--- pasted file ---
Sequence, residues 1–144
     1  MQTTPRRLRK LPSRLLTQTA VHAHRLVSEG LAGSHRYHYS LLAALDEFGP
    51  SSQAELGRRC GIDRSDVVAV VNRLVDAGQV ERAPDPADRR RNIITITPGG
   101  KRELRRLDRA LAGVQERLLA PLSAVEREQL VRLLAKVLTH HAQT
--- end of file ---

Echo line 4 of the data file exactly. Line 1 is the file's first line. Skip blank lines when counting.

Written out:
   101  KRELRRLDRA LAGVQERLLA PLSAVEREQL VRLLAKVLTH HAQT